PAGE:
Call Me Mr. Parkinson: The Naked Truth, Nothing Else
The real, underlying problem Parkinson's folk have is that they comprehend there is no cure for this monstrous, unassailable and undignified infliction, yet no one - or very few people they meet - are prepared to be entirely honest with them about it.
Being honest about Parkinson's
As a PD sufferer of ten years, I will be honest with them, and describe precisely how it is. It has an almost unnoticed beginning but, as time progresses, it becomes a curse, worn like a great chain around your failing body. You delude yourself by thinking you're getting the better of it, but that doesn't succeed.
Slowly, year by inexorable year you're getting worse. You talk to countless neurologists; they change the drugs, but with limited effect. You ask for surgery, but you get put on a waiting list and forget you waited so long. You join a support group, but folk seem reluctant to talk. You end up giving up sex entirely but wish you hadn’t. People stop you in the street to say: 'You're doing so well,' but you know that it's a lie.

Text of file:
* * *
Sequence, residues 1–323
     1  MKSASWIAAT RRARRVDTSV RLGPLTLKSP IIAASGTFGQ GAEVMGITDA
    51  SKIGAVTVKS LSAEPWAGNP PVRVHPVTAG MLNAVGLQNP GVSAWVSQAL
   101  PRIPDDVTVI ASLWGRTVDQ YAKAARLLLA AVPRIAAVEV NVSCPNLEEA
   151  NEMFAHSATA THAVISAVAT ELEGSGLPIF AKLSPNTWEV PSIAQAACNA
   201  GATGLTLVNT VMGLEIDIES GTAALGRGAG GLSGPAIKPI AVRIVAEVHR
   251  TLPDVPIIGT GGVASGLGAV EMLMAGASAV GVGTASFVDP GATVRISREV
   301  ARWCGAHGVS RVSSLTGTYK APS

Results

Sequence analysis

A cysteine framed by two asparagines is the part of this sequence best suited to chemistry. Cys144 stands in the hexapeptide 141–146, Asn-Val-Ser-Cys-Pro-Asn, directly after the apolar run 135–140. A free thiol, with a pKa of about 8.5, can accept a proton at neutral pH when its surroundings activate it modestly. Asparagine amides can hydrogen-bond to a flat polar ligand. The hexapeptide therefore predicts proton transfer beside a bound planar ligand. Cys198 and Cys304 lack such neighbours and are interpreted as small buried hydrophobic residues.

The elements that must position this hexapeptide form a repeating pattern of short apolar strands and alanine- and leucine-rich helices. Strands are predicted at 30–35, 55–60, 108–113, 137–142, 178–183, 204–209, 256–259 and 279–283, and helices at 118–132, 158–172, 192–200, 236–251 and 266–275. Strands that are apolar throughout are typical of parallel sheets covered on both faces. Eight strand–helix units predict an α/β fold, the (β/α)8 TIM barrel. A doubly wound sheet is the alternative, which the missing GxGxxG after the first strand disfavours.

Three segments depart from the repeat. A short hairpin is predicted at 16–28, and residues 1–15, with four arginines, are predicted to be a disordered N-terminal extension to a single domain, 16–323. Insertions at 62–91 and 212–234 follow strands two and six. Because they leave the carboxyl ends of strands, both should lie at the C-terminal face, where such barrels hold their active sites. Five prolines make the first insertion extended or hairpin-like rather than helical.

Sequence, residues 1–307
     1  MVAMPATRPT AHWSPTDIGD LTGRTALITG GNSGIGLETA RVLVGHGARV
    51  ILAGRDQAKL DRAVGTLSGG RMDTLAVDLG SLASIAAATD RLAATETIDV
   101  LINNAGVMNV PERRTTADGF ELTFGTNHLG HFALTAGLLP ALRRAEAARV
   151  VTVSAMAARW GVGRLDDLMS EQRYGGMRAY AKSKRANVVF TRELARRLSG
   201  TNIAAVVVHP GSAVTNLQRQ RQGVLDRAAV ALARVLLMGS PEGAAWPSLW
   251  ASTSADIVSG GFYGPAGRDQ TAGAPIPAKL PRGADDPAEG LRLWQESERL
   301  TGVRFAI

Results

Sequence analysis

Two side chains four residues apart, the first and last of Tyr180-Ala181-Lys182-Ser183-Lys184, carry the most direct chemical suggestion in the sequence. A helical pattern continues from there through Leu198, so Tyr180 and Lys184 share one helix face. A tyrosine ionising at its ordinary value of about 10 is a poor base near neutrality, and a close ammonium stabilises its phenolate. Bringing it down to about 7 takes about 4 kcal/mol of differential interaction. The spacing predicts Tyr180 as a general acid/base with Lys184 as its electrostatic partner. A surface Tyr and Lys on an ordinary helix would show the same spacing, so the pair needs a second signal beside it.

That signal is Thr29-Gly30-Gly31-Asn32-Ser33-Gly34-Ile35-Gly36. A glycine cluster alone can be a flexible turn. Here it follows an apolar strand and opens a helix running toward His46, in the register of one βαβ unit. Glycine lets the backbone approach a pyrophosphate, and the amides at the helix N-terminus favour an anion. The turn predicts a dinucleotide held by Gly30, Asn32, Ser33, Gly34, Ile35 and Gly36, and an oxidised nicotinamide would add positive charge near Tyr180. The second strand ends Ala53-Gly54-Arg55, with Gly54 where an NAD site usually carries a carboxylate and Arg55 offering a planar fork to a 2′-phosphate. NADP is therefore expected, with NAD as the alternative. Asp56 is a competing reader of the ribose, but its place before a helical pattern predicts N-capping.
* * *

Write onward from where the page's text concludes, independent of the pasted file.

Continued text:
They also know that there's no cure, nor is there likely to be one, certainly not in your brief span. And what of that ultimate question: 'How long have I got?' No neurologist I've met has been entirely honest about this. The best I got was when I asked one of them: 'I'm year ten. D'you think I'll get to year 15 and not be totally gaga by then?' Came the reply: 'I'd say 15 was conceivable but it's never predictable. With a mind like yours you could survive longer.'
So. There we are, guys. Someone at last who is prepared to tell it like it is. Every day I face the Grim Reaper, and every day he sits there, invisible to everyone but me, sharpening his scythe, smiling, telling me 'Not yet. Not today. I will tell you when.' Smug, lucky bugger. He's got it all worked out. But I haven't. But then, he hasn't got Parkinson's, has he?
Do you find music to be an important factor in your life with PD?